Abstract WP246: Acute Ischemic Stroke Patients With a Primary Language Other Than English Do Not Have Significantly Increased Door-to-Needle Times for Intravenous TPA
Background: Rapid administration of intravenous alteplase (IV tPA) leads to better outcomes, but language barriers have the potential to introduce delays and to hinder effective communication with patients and collateral historians during the acute evaluation.
Hypothesis: Acute ischemic stroke patients with a non-English primary language will have significantly longer door-to-needle times for IV tPA.
Methods: We abstracted information on primary language for all adults that received IV tPA for acute ischemic stroke in the emergency department of an academic referral center in San Francisco, CA, from February 2008 to May 2015. Approximately 38% of San Francisco residents speak a language other than English at home. Primary language was determined from the electronic medical record and was confirmed by reviewing specific documentation in subsequent speech therapy evaluations and admission notes. Age, sex, race, presenting NIHSS, aphasia as a presenting symptom, whether the patient was accompanied to the emergency department by a family member or caregiver, discharge disposition, and door-to-needle (DTN) administration time for IV tPA were abstracted from clinical records and quality improvement registries.
Results: A total of 237 patients received IV tPA for acute ischemic stroke in the emergency department during the study period. Median age was 76 years (IQR 64-86), 53% were female, and median DTN time was 62 minutes (IQR 48-86). A total of 34% of patients had a primary language other than English (20% Cantonese, 6% Russian, 3% Spanish). These patients were more likely to be older (median age 80 vs. 73 years, p = 0.001), to be accompanied by a family member or caregiver (80% vs. 59%, p = 0.003), and to have a higher NIHSS (median 9 vs. 11, p = 0.03), but DTN times were similar among English and non-English primary language speakers (median 62 vs. 62, p=0.88) and short-term outcomes were not significantly different (in-hospital mortality 9% English primary language vs 14% non-English primary language, p=0.27; discharge to home 43% vs 32%, p=0.16) .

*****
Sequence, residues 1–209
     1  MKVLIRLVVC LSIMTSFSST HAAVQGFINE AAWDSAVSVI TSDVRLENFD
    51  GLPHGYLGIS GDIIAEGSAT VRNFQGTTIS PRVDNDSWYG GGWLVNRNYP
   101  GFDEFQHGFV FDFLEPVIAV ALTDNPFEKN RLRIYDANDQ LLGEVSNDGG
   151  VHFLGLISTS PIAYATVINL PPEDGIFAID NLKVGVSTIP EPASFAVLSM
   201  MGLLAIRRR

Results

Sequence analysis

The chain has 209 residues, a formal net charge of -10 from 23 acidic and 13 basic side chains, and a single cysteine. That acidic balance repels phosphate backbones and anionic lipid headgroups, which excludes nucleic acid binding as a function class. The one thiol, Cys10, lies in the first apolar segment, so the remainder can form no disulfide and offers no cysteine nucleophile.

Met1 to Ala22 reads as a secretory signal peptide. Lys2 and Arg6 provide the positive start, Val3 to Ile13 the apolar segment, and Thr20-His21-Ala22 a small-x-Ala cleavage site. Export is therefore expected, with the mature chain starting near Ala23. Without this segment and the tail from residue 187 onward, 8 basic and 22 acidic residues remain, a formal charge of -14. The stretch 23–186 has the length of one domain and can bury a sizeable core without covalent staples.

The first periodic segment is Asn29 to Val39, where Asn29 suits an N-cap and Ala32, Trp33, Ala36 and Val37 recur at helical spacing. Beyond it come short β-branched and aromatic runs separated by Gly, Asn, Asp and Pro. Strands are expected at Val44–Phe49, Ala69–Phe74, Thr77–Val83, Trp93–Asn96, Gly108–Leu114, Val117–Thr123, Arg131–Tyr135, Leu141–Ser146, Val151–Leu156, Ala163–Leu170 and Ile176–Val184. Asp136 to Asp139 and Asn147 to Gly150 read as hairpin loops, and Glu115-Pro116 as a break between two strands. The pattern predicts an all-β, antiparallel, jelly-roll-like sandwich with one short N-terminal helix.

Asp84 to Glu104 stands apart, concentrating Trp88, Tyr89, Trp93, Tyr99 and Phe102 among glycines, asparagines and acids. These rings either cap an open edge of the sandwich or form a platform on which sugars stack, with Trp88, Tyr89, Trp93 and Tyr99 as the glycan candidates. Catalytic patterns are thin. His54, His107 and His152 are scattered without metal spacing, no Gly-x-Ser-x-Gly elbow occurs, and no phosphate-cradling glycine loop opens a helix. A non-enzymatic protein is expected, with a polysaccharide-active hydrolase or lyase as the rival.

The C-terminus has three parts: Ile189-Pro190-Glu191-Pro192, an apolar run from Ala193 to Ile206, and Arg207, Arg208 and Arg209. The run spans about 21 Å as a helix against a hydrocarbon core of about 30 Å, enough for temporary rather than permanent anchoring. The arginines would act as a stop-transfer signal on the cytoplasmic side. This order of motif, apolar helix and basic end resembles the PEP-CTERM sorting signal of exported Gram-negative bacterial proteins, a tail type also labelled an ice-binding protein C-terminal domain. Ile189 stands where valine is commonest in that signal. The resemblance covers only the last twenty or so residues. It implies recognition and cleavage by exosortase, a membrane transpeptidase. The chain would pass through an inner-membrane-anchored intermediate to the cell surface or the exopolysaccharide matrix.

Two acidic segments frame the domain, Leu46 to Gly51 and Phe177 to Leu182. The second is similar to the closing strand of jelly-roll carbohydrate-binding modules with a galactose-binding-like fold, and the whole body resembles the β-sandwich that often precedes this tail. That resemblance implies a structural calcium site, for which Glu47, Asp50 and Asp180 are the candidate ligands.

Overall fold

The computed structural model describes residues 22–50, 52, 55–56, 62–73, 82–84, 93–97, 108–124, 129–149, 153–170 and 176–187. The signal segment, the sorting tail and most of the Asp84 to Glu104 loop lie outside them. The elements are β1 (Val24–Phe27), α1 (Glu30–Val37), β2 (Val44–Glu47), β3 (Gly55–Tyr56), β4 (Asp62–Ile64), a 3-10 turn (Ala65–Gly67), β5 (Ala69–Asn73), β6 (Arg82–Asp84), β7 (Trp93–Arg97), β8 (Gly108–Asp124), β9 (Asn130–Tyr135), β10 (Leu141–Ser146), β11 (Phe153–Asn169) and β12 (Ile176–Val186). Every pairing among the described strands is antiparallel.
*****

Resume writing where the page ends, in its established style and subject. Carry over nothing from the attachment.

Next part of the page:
Conclusions: At a center serving a multiethnic population, a patient’s primary language did not appear to predict DTN times for acute ischemic stroke.
Author Disclosures: N.T. Cheng: None. E.A. Cahill: None. T. Tesfasilassie: None. M.M. Burnett: None. L. Zimmermann: None. A.S. Kim: Research Grant; Significant; BioGen, SanBio.
- © 2016 by American Heart Association, Inc.